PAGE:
It’s very helpful to read more about visual impairments and blindness. The following are links to additional information:
Utah Schools for the Deaf and the Blind (USDB)
Their mission is to provide high quality direct and indirect education services to children with sensory impairments birth through 21 years of age and their families in Utah.
Utah Division of Services for the Blind and Visually Impaired (DSBVI)
The Division of Services for the Blind and Visually Impaired (DSBVI) has developed programs to help meet the needs of Utah citizens who are blind or have significant visual impairments. In addition to providing vocational rehabilitation services, DSBVI offers a multitude of training and adjustment services.
From the American Federation for the Blind, this site is geared to help parents of children who are blind or visually impaired.
American Foundation for the Blind (AFB)
For nearly 100 years, the American Foundation for the Blind has been a leader in the vision loss field, identifying and addressing the critical unmet needs of people with vision loss at every stage of their life. Their website provides a variety of information on living with vision loss to the most current research.
American Printing House for the Blind
The American Printing House for the Blind promotes independence of blind and visually impaired persons by providing specialized materials, products, and services needed for education and life .
The Fred’s Head is a blog of tips and techniques for and by blind or visually impaired individuals. It is meant to provide people with useful information on how to do things that interest them. This includes records about technology, recreation, daily living skills, orientation and mobility, and more. Fred’s Head also includes information on where to find adaptive products and provides links to interesting websites. Fred’s Head is a unique source of information, since blind or visually impaired individuals have written most of its records.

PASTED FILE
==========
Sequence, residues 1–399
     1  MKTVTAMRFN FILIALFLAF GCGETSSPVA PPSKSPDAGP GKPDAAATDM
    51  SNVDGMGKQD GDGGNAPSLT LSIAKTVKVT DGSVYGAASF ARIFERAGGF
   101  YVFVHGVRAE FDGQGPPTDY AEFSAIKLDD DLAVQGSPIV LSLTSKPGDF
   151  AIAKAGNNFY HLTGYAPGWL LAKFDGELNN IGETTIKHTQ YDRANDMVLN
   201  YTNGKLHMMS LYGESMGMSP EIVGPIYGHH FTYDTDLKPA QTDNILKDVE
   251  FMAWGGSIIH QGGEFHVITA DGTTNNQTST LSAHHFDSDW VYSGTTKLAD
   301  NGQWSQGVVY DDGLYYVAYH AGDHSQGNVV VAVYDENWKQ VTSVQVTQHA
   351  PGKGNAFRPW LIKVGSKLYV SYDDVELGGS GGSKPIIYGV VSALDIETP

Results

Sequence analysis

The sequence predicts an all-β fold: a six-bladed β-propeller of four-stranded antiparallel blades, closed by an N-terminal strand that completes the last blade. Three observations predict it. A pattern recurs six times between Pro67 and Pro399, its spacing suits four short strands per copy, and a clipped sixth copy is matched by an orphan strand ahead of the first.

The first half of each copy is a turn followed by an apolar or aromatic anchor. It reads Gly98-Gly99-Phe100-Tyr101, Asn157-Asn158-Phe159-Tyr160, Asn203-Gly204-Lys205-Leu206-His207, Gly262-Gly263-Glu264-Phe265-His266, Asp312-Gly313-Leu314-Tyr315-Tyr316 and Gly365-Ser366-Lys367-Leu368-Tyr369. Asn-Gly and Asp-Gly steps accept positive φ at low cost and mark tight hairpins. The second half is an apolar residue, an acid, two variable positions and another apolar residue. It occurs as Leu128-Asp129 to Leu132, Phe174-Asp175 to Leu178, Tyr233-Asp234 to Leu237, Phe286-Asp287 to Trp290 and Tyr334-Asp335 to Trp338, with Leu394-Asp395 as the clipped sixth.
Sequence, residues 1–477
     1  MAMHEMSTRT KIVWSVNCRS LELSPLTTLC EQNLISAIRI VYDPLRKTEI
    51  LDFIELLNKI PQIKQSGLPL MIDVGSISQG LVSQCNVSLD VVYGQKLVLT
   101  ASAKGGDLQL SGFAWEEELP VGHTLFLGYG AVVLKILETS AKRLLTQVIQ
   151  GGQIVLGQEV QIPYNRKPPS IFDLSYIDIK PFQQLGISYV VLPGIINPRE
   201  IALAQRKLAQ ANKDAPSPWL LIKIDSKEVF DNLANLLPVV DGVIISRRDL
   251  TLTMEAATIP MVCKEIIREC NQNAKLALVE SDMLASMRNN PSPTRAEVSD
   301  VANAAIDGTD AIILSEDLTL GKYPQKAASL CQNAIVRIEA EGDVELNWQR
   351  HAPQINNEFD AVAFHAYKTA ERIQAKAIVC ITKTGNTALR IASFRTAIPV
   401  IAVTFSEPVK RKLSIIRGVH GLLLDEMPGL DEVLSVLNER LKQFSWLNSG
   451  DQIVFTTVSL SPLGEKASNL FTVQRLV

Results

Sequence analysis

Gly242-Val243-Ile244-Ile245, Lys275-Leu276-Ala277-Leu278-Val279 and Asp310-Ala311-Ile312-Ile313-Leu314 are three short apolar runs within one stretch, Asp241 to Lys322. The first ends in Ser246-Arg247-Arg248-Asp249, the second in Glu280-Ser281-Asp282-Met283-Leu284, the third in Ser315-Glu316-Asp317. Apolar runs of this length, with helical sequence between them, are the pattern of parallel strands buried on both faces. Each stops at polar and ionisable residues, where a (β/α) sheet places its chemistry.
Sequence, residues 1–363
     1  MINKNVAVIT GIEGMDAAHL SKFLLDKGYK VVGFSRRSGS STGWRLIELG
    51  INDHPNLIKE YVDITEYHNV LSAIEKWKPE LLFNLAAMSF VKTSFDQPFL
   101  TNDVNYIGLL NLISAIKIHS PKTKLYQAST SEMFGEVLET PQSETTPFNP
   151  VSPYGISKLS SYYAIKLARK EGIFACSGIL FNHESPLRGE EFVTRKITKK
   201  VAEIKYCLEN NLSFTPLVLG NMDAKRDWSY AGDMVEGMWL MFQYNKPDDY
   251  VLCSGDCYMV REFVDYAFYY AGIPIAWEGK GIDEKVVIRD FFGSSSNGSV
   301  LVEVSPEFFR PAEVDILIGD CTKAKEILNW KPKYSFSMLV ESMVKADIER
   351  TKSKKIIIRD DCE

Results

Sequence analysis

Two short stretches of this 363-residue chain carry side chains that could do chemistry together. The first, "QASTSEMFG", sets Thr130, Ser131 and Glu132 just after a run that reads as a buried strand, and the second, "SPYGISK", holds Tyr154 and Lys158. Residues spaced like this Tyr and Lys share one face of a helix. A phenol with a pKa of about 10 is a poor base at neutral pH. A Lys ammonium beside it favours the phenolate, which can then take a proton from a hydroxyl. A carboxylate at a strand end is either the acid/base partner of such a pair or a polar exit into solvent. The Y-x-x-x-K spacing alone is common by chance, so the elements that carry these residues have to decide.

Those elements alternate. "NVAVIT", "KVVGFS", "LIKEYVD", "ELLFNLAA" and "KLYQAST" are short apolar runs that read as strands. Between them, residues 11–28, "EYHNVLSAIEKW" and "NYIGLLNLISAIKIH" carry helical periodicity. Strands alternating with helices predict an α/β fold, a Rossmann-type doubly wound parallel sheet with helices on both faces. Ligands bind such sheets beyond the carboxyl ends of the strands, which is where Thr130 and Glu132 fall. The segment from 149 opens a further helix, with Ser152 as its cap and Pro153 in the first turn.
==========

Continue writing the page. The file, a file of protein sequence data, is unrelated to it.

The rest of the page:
Founded in 1948 as Recording for the Blind, Learning Ally serves more than 300,000 K-12, college and graduate students, veterans and lifelong learners – all of whom cannot read standard print due to blindness, visual impairment, dyslexia, or other learning disabilities. Learning Ally’s collection of more than 65,000 digitally recorded textbooks and literature titles – downloadable and accessible on mainstream as well as specialized assistive technology device. There is an annual fee for this service.
Bookshare® is an ebook library that makes reading easier. People with reading barriers can customize their experience and read in ways that work for them. The service is free to qualifying U.S. students and schools. In order to qualify, an expert must confirm that you have a print disability that severely inhibits or prevents you from reading traditional print materials
Watch and Learn: Assistive Technology
Perkins School for the Blind website includes several videos discussing the use of technology for the student with visual impairments.
The CDC provides this site aimed at helping children understand visual impairments and blindness. The site also includes a link to other disabilities in a format for children.
The National Institute of Health provides this site which includes facts, information about clinical trials, and a variety of learning learning materials.